American Airlines and JetBlue Must End Partnership in Northeast, Rules of Arbitration: NPR

A JetBlue Airbus A320 taxis to a gate on Oct. 26, 2016, after landing, while an American Airlines plane is parked at the gate at Tampa International Airport in Tampa, Florida.

Chris O’Meara/AP

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Chris O’Meara/AP

A JetBlue Airbus A320 taxis to a gate on Oct. 26, 2016, after landing, while an American Airlines plane is parked at the gate at Tampa International Airport in Tampa, Florida.

Chris O’Meara/AP

A federal judge in Boston on Friday ruled that American Airlines and JetBlue Airways must end their partnership in the northeastern U.S. because the government has shown the deal reduces competition in the airline industry.

The ruling is a major victory for the Biden administration, which has used tough enforcement of antitrust laws to fight mergers and other arrangements between large companies.

The Justice Department argued at trial last fall that the deal would ultimately cost consumers hundreds of millions of dollars a year.

U.S. District Judge Leo Sorokin wrote in his decision that American and JetBlue violated antitrust law when they divided Northeast markets among themselves and “replaced intense competition with broad cooperation.”

The judge said the airlines provided little evidence that the partnership, called the Northeast Alliance, helped consumers.

The airlines said they were considering going ahead.

“We believe the decision was wrong and we are considering next steps,” said US spokesman Matt Miller. “The court’s legal analysis is clearly flawed and unprecedented for a joint venture like Northeast Alliance. There was no evidence of any consumer harm from the partnership.”

JetBlue spokeswoman Emily Martin said her airline was disappointed, adding: “We’ve shown on the ground that the Northeast Alliance has been a huge win for customers.”

Meanwhile, the Justice Department praised the ruling.

“Today’s decision is a victory for Americans who rely on airline competition for affordable travel,” Attorney General Merrick Garland said in a statement.

The partnership received the Trump administration’s blessing when it went into effect in early 2021. It allowed airlines to sell seats on each other’s flights and share the revenue. It has covered many of their flights to and from Logan Airport in Boston and three airports in the New York City area: JFK, LaGuardia, and Newark Liberty in New Jersey.

But shortly after President Joe Biden took office, the Justice Department took a closer look. It found an economist who predicted that consumers would spend more than $700 million annually due to reduced competition.

American is the largest airline in the United States and JetBlue is the sixth largest airline overall. But in Boston, they had two of the top three seats, along with Delta Airlines, and two of the top four seats in New York.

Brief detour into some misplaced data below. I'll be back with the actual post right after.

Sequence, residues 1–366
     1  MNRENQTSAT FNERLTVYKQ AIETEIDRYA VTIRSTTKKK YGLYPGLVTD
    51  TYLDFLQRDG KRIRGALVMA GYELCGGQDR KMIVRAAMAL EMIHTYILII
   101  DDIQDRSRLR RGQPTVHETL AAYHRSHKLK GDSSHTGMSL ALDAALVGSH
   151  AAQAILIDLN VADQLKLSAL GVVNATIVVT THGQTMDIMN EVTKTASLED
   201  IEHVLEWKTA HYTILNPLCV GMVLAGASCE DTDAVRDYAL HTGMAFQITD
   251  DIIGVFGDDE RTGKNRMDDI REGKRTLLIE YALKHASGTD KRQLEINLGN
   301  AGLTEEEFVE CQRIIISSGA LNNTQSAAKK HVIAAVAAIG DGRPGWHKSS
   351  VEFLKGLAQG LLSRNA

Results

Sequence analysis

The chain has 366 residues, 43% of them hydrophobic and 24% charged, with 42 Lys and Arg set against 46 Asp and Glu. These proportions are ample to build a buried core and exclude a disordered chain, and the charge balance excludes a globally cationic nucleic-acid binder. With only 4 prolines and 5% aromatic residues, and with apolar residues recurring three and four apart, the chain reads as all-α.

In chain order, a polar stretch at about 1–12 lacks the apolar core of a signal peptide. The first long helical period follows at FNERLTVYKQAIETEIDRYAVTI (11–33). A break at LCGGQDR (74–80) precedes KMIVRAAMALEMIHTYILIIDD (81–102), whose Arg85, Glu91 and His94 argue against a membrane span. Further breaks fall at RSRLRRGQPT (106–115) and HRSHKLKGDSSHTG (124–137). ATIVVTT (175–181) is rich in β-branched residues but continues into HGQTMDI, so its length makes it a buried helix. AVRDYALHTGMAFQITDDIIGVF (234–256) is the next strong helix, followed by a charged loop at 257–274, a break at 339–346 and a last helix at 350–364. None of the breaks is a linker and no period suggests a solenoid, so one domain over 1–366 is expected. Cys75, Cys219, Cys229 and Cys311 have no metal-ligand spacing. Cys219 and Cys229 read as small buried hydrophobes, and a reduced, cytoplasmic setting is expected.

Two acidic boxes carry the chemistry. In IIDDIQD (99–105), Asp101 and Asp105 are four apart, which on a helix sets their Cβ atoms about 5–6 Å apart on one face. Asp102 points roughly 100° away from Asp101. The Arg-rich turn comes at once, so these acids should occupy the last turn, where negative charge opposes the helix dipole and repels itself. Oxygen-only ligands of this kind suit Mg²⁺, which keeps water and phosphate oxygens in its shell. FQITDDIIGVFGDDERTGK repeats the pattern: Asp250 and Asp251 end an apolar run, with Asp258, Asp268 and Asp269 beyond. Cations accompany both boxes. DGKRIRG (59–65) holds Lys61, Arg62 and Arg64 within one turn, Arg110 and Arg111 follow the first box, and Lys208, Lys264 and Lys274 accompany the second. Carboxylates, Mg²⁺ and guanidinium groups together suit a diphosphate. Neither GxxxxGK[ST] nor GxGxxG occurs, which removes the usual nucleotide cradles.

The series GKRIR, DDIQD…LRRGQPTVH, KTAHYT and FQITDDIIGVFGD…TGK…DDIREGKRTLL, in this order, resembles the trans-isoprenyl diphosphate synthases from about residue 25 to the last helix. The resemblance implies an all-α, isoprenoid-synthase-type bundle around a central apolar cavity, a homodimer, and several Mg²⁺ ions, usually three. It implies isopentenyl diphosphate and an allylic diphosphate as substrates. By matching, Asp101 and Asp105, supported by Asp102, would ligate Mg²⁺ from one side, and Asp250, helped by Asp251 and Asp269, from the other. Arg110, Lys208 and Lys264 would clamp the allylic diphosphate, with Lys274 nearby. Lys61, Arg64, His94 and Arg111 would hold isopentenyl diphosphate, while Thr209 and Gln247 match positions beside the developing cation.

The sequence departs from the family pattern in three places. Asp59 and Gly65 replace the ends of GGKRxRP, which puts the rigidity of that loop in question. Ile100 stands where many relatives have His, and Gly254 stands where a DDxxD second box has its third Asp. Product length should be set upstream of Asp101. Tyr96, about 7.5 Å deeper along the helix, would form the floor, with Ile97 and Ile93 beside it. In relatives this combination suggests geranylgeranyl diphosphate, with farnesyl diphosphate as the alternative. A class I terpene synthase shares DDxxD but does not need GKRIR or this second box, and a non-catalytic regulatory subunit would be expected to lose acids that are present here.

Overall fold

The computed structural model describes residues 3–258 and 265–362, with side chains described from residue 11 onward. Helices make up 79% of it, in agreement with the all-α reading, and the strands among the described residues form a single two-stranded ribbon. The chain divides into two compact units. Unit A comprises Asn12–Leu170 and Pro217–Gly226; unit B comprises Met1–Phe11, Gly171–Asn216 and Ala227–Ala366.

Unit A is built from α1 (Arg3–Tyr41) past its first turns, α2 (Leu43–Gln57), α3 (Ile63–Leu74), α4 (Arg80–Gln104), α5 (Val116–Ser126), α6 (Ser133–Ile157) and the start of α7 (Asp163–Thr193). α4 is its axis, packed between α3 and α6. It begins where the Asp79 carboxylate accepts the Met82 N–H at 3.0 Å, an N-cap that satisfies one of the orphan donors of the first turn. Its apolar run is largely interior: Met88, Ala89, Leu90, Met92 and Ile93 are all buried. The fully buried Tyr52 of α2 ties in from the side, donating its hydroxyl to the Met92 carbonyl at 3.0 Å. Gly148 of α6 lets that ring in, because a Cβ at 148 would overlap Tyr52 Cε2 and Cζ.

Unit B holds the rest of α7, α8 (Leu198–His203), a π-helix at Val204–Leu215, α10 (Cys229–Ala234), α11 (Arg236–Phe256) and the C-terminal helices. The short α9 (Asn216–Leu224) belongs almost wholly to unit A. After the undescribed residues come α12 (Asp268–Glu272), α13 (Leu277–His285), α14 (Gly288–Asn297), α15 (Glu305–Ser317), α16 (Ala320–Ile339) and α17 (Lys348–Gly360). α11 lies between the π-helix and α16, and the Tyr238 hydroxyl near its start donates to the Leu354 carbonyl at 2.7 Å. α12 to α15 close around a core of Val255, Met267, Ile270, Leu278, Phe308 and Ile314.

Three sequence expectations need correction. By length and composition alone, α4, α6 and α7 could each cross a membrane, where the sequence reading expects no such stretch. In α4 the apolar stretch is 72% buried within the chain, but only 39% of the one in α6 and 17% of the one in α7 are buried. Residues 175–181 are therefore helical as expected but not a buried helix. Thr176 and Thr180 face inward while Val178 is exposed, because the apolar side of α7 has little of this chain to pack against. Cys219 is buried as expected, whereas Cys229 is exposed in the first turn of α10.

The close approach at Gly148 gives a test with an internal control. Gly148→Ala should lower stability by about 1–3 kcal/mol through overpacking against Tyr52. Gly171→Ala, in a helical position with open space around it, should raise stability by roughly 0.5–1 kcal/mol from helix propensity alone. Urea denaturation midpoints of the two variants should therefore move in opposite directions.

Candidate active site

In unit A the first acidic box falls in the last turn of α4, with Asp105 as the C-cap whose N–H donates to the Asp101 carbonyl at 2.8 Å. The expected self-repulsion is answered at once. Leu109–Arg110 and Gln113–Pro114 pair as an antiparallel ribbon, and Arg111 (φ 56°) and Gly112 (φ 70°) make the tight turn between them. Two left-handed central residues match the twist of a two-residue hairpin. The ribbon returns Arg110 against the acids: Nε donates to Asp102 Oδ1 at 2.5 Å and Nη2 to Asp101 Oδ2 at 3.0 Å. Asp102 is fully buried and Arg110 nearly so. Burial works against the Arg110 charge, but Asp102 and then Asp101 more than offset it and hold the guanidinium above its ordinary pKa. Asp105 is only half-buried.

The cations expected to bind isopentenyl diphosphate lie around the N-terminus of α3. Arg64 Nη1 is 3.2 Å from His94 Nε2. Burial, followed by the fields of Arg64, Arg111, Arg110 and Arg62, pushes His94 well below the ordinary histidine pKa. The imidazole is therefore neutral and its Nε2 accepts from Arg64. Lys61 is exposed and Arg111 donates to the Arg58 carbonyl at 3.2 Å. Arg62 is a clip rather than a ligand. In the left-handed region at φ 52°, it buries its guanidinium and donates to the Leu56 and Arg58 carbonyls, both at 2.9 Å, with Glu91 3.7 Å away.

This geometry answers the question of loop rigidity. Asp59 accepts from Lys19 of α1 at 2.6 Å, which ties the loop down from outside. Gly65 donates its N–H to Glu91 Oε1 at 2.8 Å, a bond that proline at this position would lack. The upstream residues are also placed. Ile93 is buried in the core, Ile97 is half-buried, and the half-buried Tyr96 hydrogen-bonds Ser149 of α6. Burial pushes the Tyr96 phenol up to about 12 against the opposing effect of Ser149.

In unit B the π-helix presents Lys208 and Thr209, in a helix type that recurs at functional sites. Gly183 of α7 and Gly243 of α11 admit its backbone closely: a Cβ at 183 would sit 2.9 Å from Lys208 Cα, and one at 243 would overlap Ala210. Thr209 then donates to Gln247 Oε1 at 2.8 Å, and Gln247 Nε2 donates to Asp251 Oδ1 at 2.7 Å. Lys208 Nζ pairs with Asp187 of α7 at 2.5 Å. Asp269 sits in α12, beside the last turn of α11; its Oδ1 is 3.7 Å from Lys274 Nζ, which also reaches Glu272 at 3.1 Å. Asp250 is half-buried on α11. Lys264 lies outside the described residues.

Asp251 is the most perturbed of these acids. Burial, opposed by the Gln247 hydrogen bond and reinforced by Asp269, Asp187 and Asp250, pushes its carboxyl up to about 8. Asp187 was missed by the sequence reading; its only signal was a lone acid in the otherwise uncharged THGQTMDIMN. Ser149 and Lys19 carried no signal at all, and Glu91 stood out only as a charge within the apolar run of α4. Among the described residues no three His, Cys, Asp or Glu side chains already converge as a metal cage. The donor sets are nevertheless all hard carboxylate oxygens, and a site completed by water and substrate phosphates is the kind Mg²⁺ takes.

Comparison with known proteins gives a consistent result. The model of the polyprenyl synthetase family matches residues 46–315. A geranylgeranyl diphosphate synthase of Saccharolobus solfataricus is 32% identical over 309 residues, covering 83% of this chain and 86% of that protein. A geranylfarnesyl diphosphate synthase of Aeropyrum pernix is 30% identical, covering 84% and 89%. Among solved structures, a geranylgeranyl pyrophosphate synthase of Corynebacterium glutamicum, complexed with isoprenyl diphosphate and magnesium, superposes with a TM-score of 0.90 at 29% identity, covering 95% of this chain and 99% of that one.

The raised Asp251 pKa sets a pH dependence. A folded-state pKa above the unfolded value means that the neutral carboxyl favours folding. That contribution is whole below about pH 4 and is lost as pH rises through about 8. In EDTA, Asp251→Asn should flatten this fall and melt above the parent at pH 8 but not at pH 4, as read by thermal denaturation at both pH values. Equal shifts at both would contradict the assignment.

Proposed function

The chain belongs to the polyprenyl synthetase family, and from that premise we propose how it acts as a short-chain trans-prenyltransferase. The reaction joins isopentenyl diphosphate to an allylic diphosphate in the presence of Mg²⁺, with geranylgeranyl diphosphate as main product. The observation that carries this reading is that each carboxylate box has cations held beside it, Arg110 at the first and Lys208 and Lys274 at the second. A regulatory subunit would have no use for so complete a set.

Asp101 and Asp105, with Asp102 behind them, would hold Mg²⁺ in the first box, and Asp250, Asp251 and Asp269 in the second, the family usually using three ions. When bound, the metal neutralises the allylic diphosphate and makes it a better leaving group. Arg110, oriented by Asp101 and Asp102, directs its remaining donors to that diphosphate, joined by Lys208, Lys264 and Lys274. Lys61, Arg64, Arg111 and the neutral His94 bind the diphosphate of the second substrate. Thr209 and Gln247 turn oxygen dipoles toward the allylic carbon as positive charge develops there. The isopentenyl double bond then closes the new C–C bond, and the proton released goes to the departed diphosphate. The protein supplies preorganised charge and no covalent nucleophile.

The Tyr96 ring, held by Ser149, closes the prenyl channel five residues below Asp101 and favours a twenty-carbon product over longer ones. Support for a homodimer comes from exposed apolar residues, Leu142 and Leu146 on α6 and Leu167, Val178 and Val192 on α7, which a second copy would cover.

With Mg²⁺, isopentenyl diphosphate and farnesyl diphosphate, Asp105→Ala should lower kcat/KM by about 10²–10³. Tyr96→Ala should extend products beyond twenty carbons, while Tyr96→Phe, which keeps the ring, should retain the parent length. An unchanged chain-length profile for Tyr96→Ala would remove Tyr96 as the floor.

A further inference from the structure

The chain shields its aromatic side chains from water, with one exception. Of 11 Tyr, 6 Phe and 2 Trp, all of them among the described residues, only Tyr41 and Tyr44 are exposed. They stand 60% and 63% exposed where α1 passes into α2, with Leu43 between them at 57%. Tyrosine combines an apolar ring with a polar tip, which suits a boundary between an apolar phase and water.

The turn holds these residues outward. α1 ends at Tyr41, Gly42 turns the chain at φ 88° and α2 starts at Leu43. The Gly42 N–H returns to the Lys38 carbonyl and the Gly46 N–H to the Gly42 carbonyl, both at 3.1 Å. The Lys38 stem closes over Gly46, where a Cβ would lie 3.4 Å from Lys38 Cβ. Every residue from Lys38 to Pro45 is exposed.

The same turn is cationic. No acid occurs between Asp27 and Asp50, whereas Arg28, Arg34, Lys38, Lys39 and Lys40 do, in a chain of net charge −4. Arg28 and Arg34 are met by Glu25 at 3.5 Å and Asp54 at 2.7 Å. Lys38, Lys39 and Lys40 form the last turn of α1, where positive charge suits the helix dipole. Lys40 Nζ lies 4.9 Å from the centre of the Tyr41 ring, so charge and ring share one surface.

The Justice Department sued to have the deal reversed in 2021, and six states and the District of Columbia joined.

“It’s a very important issue for us…because of those families who have to travel and want affordable tickets and good service,” Justice Department attorney Bill Jones said during closing arguments.

The trial included testimony from current and former airline CEOs and economists who offered widely differing views on how the deal would affect competition and ticket prices.

The airlines and their expert witnesses argued that the government could not prove that the alliance, then in existence for about 18 months, had pushed up fares. They said it helped them start new routes from New York and Boston. More importantly, they said, the deal benefited consumers by creating more competition against Delta and United Airlines.

The judge was not convinced.

He wrote: “While the defendants claim that their greater cooperation would be better for the flying public, they have provided minimal credible objective evidence in support of this claim.” “Whatever benefits it has for America and Jet Blue to become more powerful — in the Northeast generally or in their shared rivalry with Delta — those benefits come from an express agreement not to compete with each other.”

Commenting on the experience was JetBlue’s proposed $3.8 billion purchase of Spirit Airlines, the nation’s largest low-cost carrier. In March, as Sorokin was considering his decision, the Justice Department sued to block that deal as well, arguing it would reduce competition and be especially harmful to consumers who rely on Spirit to save money.

JetBlue responded that the acquisition of Spirit would make it a bigger, stronger and cheaper competitor to Delta, United and Southwest — and American — which together control about 80% of the US domestic air travel market.

The government’s lawsuit against the JetBlue-Spirit deal is pending in another judge in the same Boston court.

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